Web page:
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Posted by on Sunday, August 14, 2016 in Read This Book.

20150510TL065Each month, we ask a member of the Vanderbilt Divinity School faculty to recommend a book they are currently reading. Our August recommendation is offered by Joe Pennel, Professor of the Practice of Leadership.
Professor Pennel recommends The Triumph of Faith: Why the World is More Religious than Ever by Rodney Stark.

After reading Rodney Stark’s book titled The Triumph of Faith: Why the World is More Religious than Ever, I have reviewed my previously held notions about the demise of faith in today’s world. Stark, a sociologist of religion, explodes the myth that people around the globe are throwing religion out the window. He relies on surveys from 163 nations to explain why religion is growing.

He argues that the world is not merely as religious as it used to be. It is more religious than ever before. The chapters present statistics on the global religious awakening, giving special attention to large geographical regions. In growing numbers, people in many parts of the world are attending temples, mosques, pagodas, chapels, churches, and small religious groups. According to the surveys, most people who do not attend say they are religious.

He explores both the bright side and the dark side of this growth. In writing about the dark side, he demonstrates how religious enthusiasm can be the root cause of religious hatred and acts of terror. Pain is caused by the combination of globalization and the worldwide intensification of religiousness. On the bright side, Stark documents how people do think about meaning and the purpose of life. People from around the world would not say that life has no design, no meaning, and no purpose. Deep in the heart of people there is a desire to love and be loved and to belong to community. Religion provides answers to these everyday existential questions.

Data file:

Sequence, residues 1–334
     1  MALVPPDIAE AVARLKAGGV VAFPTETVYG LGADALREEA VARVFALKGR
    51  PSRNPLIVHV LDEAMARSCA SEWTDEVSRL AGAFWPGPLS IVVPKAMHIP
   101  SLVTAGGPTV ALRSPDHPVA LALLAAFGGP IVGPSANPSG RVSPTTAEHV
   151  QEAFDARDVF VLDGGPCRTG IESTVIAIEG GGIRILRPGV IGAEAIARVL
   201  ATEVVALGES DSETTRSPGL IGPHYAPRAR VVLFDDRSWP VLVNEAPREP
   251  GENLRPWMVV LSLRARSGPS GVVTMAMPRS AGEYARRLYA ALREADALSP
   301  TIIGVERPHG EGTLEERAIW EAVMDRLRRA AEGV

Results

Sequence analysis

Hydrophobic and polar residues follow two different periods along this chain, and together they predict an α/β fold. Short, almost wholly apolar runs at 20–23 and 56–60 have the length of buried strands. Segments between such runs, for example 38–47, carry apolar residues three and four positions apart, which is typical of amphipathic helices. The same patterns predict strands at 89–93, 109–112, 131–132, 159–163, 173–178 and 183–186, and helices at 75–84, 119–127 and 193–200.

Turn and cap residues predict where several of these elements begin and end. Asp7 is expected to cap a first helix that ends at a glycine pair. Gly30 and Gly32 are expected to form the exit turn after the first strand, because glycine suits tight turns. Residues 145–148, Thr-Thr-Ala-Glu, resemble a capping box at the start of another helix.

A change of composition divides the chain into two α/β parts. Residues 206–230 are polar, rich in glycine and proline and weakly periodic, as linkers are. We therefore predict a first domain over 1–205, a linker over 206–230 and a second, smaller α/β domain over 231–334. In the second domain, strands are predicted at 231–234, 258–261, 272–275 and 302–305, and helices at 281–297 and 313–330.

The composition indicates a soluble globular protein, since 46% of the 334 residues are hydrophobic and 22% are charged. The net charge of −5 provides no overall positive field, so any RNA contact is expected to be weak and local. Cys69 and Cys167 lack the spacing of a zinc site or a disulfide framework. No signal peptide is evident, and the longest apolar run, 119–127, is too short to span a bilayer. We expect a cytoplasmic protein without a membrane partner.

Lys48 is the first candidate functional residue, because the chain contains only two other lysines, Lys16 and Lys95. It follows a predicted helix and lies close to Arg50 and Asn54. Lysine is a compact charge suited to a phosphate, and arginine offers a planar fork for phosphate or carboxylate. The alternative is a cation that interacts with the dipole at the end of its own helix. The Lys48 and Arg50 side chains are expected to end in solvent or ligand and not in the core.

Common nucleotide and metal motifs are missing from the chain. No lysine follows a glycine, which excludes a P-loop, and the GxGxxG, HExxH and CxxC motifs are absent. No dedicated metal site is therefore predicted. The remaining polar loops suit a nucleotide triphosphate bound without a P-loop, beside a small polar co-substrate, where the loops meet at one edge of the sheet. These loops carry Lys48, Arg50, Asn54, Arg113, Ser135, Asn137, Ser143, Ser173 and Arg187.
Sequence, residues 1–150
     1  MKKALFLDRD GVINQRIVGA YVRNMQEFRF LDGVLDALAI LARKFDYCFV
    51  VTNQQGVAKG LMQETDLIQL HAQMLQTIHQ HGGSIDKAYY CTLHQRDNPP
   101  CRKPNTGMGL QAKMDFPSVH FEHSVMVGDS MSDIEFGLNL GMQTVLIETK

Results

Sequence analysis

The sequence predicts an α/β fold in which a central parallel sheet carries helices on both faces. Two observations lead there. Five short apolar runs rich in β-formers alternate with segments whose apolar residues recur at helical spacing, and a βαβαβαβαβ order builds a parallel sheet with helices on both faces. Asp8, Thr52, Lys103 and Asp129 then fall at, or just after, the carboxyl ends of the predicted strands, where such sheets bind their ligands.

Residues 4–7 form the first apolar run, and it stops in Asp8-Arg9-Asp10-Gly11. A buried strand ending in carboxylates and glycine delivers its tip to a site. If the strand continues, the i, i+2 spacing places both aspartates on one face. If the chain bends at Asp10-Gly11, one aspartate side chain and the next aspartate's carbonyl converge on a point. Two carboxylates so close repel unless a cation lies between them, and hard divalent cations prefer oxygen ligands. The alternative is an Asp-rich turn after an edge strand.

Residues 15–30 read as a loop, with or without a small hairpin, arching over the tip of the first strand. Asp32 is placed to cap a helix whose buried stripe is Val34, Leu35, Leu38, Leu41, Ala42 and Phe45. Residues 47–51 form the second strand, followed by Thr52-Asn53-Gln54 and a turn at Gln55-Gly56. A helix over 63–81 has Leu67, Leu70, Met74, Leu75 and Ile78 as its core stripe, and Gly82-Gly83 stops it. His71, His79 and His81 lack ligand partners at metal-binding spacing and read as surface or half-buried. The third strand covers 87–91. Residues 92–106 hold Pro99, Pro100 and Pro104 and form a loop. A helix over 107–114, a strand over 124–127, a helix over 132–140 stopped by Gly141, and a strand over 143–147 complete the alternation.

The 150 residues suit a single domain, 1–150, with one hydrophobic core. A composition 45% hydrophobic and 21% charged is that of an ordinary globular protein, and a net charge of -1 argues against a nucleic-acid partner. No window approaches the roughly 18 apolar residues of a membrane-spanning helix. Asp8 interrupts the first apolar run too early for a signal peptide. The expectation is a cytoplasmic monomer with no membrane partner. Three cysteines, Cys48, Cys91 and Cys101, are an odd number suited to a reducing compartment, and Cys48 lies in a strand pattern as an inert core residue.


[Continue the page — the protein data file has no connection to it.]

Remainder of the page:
Rodney Stark relies on surveys of more than a million people who live in 163 countries to show that religion is not on the wane. He states, “Eighty-one percent claim to belong to an organized religious faith; 74 percent say that religion is an important part of their lives; 50 percent say that they have attended worship in the past seven days; 56 percent believe that ‘God is directly involved in things that happen in the world’; in very few nations, do as many as 5 percent claim to be atheists; and only in Vietnam, China, and South Korea do atheists exceed 20 percent.” His research points to the fact that only in parts of Europe are the churches are more empty than full. The author maintains that this is not the result of secularization. Europe is a continent of “believing non-belongers.”

Stark argues that secularists have been predicting the near death of religion for generations. He maintains that they are wrong and that the global family is more religious than ever. Some will not agree with his conclusions, but his book has caused me to have second thoughts about what I thought I knew.

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